This paper has two purposes. One is to examine the ways mentally disabled children were disciplined and cared for in Berlin, Germany/Prussia, at the end of the 19th century, by considering the way the architecture of the asylum affected the practices within it. The second purpose is to examine the manner in which the practices at the Dalldorf Asylum, especially the administrative paperwork, fabricated and stabilized the medico-pedagogical category of “feeble-mindedness”.
This paper engages with reflections on asylum architecture and its connection to disciplining bodies as shown in Disability History and linking these insights to recent scholarship from the field of Science and Technology Studies on the fabrication of knowledge through observation. Drawing on microhistory as methodology it examines the fabrication of “feeble-mindedness” with and within the Dalldorf Asylum, focusing on architecture and design as well as administrative practices.
The analysis of the asylum's architecture reveals how certain ideas of hygiene and control derived from 19th century psychiatry, along with personal attentiveness and individualized learning were incorporated into the building, creating the notion of a “feeble-minded child” as being simultaneously dangerous and in danger. The paper further shows how the professionals involved were struggling with diagnosing these children, further showcasing that the space as well as the categorization of children, oscillating between psychiatry and pedagogy, has to be understood as contested.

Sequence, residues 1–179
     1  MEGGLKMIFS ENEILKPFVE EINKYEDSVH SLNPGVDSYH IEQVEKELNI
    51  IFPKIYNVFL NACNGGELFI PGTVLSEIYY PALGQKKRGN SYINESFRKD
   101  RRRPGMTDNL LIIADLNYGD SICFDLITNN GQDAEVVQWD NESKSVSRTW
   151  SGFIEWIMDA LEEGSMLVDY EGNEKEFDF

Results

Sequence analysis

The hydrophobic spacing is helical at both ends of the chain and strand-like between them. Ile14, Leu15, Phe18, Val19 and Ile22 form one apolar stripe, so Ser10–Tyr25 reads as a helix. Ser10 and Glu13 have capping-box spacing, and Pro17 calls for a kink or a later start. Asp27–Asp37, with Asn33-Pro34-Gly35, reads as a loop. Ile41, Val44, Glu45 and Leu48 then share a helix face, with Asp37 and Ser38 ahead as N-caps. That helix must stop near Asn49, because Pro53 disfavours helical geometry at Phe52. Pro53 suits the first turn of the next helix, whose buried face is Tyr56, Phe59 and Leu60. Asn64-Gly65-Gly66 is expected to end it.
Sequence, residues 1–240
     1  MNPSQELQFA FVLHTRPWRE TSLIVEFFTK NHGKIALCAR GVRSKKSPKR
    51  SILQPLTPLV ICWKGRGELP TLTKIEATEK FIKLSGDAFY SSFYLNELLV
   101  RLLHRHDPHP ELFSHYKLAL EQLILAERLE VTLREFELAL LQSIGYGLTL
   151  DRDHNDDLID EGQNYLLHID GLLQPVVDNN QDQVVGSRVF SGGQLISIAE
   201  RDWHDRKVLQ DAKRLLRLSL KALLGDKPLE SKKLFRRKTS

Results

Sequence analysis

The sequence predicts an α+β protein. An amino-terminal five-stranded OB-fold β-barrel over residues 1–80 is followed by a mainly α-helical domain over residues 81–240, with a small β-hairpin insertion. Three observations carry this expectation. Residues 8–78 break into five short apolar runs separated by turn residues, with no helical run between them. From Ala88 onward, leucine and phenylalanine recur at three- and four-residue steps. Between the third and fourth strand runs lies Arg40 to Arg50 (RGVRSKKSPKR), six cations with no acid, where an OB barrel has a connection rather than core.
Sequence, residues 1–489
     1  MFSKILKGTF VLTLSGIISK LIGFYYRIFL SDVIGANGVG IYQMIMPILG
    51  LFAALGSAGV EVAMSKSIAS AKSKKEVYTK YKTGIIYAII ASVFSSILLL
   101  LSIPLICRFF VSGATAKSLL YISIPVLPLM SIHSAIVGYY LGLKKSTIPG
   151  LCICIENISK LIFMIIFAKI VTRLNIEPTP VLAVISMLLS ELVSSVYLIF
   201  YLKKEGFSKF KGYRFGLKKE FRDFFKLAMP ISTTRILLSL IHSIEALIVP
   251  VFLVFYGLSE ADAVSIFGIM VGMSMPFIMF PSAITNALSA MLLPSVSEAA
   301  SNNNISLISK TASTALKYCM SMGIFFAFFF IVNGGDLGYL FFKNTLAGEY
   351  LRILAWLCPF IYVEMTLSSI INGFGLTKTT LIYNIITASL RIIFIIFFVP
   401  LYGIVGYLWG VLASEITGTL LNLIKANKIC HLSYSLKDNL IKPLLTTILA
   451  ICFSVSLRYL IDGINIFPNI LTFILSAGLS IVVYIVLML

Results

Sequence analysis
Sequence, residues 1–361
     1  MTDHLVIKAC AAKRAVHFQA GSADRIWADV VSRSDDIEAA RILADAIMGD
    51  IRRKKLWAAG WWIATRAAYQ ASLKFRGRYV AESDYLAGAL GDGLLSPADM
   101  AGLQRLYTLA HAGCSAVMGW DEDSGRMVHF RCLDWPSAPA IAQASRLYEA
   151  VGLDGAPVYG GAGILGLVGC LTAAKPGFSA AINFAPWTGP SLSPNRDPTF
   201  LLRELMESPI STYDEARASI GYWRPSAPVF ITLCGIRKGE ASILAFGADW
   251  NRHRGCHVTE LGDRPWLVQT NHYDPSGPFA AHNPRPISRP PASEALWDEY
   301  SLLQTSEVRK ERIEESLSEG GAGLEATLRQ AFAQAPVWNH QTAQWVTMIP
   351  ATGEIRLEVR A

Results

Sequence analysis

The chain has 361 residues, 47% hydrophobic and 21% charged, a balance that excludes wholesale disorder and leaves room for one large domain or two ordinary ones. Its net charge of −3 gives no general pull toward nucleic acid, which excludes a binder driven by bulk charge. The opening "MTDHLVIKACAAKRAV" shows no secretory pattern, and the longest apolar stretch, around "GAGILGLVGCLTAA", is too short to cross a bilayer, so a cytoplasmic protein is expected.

This paper engages findings on the disciplining structures organizing everyday life within the asylum with concepts of fabricating knowledge as central to science studies. The Dalldorf Asylum, the earliest state-funded asylum for mentally disabled children in Germany and largely understudied, is used as the main research object. A microhistorical approach allows to make visible the intricate yet mundane practices involved in stabilizing the category of “feeble-mindedness”.
This paper forms part of a special section “Challenges of Contested Spaces: Injustices and their Legacies in Educational History”, guest edited by Beth Marsden and Matilda Keynes.The author would like to thank Mati Keynes and Beth Mardsen for reading and discussing earlier versions of this paper, as well as the two reviewers for their critical comments.Funding: Funded by the Deutsche Forschungsgemeinschaft (DFG - German Research Foundation) project number 5517250102.
Garz, J.T. (2021), "Fabricating spaces and knowledge: the Berlin-Dalldorf Municipal Asylum for “Feeble-Minded” Children (1880–1900)", History of Education Review, Vol. 50 No. 2, pp. 146-165. https://doi.org/10.1108/HER-05-2020-0029
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